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Usage-Based Linguistics  

Holger Diessel

Throughout the 20th century, structuralist and generative linguists have argued that the study of the language system (langue, competence) must be separated from the study of language use (parole, performance), but this view of language has been called into question by usage-based linguists who have argued that the structure and organization of a speaker’s linguistic knowledge is the product of language use or performance. On this account, language is seen as a dynamic system of fluid categories and flexible constraints that are constantly restructured and reorganized under the pressure of domain-general cognitive processes that are not only involved in the use of language but also in other cognitive phenomena such as vision and (joint) attention. The general goal of usage-based linguistics is to develop a framework for the analysis of the emergence of linguistic structure and meaning. In order to understand the dynamics of the language system, usage-based linguists study how languages evolve, both in history and language acquisition. One aspect that plays an important role in this approach is frequency of occurrence. As frequency strengthens the representation of linguistic elements in memory, it facilitates the activation and processing of words, categories, and constructions, which in turn can have long-lasting effects on the development and organization of the linguistic system. A second aspect that has been very prominent in the usage-based study of grammar concerns the relationship between lexical and structural knowledge. Since abstract representations of linguistic structure are derived from language users’ experience with concrete linguistic tokens, grammatical patterns are generally associated with particular lexical expressions.


Iterative Meaning in Mandarin Chinese: Linguistic Factors and its Processing  

Huei-ling Lai and Yao-Ying Lai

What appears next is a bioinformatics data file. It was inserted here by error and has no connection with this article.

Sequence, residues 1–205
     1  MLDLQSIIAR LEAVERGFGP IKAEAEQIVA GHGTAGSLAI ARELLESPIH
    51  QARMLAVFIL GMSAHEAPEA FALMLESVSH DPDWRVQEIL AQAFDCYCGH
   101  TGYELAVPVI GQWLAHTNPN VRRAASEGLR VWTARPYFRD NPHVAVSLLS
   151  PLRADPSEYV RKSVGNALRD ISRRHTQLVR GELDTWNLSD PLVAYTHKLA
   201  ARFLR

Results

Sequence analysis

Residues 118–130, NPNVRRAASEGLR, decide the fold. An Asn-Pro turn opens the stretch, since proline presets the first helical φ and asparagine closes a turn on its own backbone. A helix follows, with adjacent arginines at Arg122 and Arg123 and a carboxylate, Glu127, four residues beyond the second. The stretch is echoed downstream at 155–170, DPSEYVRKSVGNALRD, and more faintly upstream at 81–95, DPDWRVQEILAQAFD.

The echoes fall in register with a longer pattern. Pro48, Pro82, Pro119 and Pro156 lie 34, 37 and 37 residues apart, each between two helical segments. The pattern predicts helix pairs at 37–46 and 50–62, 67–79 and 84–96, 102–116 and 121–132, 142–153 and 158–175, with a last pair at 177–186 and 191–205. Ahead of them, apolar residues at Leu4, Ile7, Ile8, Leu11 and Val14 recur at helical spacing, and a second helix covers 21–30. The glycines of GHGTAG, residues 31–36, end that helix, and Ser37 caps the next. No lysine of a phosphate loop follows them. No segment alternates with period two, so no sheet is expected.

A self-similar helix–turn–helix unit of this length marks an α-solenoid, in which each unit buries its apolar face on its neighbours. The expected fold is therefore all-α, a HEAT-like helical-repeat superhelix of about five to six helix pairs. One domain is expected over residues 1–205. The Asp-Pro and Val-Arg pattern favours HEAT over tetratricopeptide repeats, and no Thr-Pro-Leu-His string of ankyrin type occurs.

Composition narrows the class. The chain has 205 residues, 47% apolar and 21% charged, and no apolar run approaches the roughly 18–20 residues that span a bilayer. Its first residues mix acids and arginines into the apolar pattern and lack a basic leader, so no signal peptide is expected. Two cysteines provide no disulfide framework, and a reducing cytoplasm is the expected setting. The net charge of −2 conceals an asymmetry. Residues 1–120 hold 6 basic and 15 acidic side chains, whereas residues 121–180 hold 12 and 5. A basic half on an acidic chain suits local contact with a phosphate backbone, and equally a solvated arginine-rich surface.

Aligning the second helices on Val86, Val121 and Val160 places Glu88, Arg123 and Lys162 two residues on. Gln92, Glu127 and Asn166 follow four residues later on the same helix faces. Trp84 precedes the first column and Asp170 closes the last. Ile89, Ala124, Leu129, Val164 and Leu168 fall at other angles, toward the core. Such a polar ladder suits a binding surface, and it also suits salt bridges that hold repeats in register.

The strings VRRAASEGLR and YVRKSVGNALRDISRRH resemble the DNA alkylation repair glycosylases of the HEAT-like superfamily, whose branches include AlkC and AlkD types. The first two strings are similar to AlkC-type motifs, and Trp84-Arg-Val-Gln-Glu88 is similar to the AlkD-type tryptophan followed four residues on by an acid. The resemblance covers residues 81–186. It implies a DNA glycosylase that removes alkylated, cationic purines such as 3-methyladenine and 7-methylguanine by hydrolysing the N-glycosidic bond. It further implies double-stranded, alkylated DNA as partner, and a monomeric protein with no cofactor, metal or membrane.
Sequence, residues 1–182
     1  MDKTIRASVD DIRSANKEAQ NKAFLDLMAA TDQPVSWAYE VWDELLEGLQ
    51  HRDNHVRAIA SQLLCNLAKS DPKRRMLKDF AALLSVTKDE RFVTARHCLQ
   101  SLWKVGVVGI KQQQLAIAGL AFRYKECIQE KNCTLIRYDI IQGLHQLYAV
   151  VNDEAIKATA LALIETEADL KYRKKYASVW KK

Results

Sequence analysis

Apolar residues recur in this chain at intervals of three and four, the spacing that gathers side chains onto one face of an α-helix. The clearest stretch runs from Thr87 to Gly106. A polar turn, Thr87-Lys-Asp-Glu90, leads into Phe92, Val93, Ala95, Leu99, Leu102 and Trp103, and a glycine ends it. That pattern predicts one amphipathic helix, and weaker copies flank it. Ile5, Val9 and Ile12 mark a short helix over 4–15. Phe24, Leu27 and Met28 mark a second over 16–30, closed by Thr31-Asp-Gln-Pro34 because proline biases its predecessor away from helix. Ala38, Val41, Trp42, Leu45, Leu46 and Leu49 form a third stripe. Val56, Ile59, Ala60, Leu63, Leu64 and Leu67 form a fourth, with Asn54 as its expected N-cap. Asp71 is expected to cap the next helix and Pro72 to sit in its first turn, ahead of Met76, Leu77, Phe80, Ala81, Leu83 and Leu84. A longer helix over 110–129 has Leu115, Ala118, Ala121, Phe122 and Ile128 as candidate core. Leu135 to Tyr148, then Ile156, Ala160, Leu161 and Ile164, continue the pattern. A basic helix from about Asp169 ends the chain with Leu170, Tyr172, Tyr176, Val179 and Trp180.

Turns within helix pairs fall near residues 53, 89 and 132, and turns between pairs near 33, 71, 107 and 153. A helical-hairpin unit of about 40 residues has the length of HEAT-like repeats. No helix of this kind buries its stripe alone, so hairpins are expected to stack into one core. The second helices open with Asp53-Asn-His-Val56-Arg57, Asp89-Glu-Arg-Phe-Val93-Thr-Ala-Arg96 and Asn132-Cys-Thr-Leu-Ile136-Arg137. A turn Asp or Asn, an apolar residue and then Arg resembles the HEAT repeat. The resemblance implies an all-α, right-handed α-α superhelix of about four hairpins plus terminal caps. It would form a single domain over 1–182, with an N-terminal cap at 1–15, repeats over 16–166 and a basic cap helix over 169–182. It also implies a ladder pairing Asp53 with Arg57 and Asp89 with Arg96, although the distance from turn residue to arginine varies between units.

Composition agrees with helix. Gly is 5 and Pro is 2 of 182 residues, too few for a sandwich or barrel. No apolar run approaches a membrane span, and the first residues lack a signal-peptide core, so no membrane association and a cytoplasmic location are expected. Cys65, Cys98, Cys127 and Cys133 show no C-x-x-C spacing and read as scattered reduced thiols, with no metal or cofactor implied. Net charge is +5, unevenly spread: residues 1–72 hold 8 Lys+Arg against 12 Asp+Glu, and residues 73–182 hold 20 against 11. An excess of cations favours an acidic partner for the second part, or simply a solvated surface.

Sentential meaning that emerges compositionally is not always transparent as one-to-one mapping from syntactic structure to semantic representation; oftentimes, the meaning is underspecified (morphosyntactically unsupported), not explicitly conveyed via overt linguistic devices. Compositional meaning is obtained during comprehension. The associated issues are explored by examining linguistic factors that modulate the construal of underspecified iterative meaning in Mandarin Chinese (MC). In this case, the factors include lexical aspect of verbs, the interval-lengths denoted by post-verbal durative adverbials, and boundary specificity denoted by preverbal versus post-verbal temporal adverbials. The composition of a punctual verb (e.g., jump, poke) with a durative temporal adverbial like Zhangsan tiao-le shi fenzhong. Zhangsan jump-LE ten minute ‘Zhangsan jumped for ten minutes’ engenders an iterative meaning, which is morphosyntactically absent yet fully understood by comprehenders. Contrastively, the counterpart involving a durative verb (e.g., run, swim) like Zhangsan pao-le shi fenzhong Zhangsan run-LE ten minute ‘Zhangsan ran for ten minutes’ engenders a continuous reading with identical syntactic structure. Psycholinguistically, processing such underspecified meaning in real time has been shown to require greater effort than the transparent counterpart. This phenomenon has been attested cross-linguistically; yet how it is manifested in MC, a tenseless language, remains understudied. In addition, durative temporal adverbials like yizhi/buduandi ‘continuously,’ which appear preverbally in MC, also engender an iterative meaning when composed with a punctual verb like Zhangsan yizhi/buduandi tiao. Zhangsan continuously jump ‘Zhangsan jumped continuously.’ Crucially, unlike the post-verbal adverbials that encode specific boundaries for the denoted intervals, these preverbal adverbials refer to continuous time spans without specific endpoints. The difference in boundary specificity between the two adverbial types, while both being durative, is hypothesized to modulate the processing profiles of aspectual comprehension. Results of the online (timed) questionnaire showed (a) an effect of boundary specificity: sentences with post-verbal adverbials that encode [+specific boundary] were rated lower in the naturalness-rating task and induced longer response time (RT) in iterativity judgements, as compared to preverbal adverbials that encode [−specific boundary]; (b) in composition with post-verbal adverbials that are [+specific boundary], sentences involving durative verbs elicited lower rating scores and longer RT of iterativity judgements than the counterpart involving punctual verbs. These suggest that the comprehension of underspecified iterative meaning is modulated by both cross-linguistically similar parameters and language-specific systems of temporal reference, by which MC exhibits a typological difference in processing profiles. Overall, the patterns are consistent with the Context-Dependence approach to semantic underspecification: comprehenders compute the ultimate reading (iterative versus continuous) by taking both the sentential and extra-sentential information into consideration in a given context.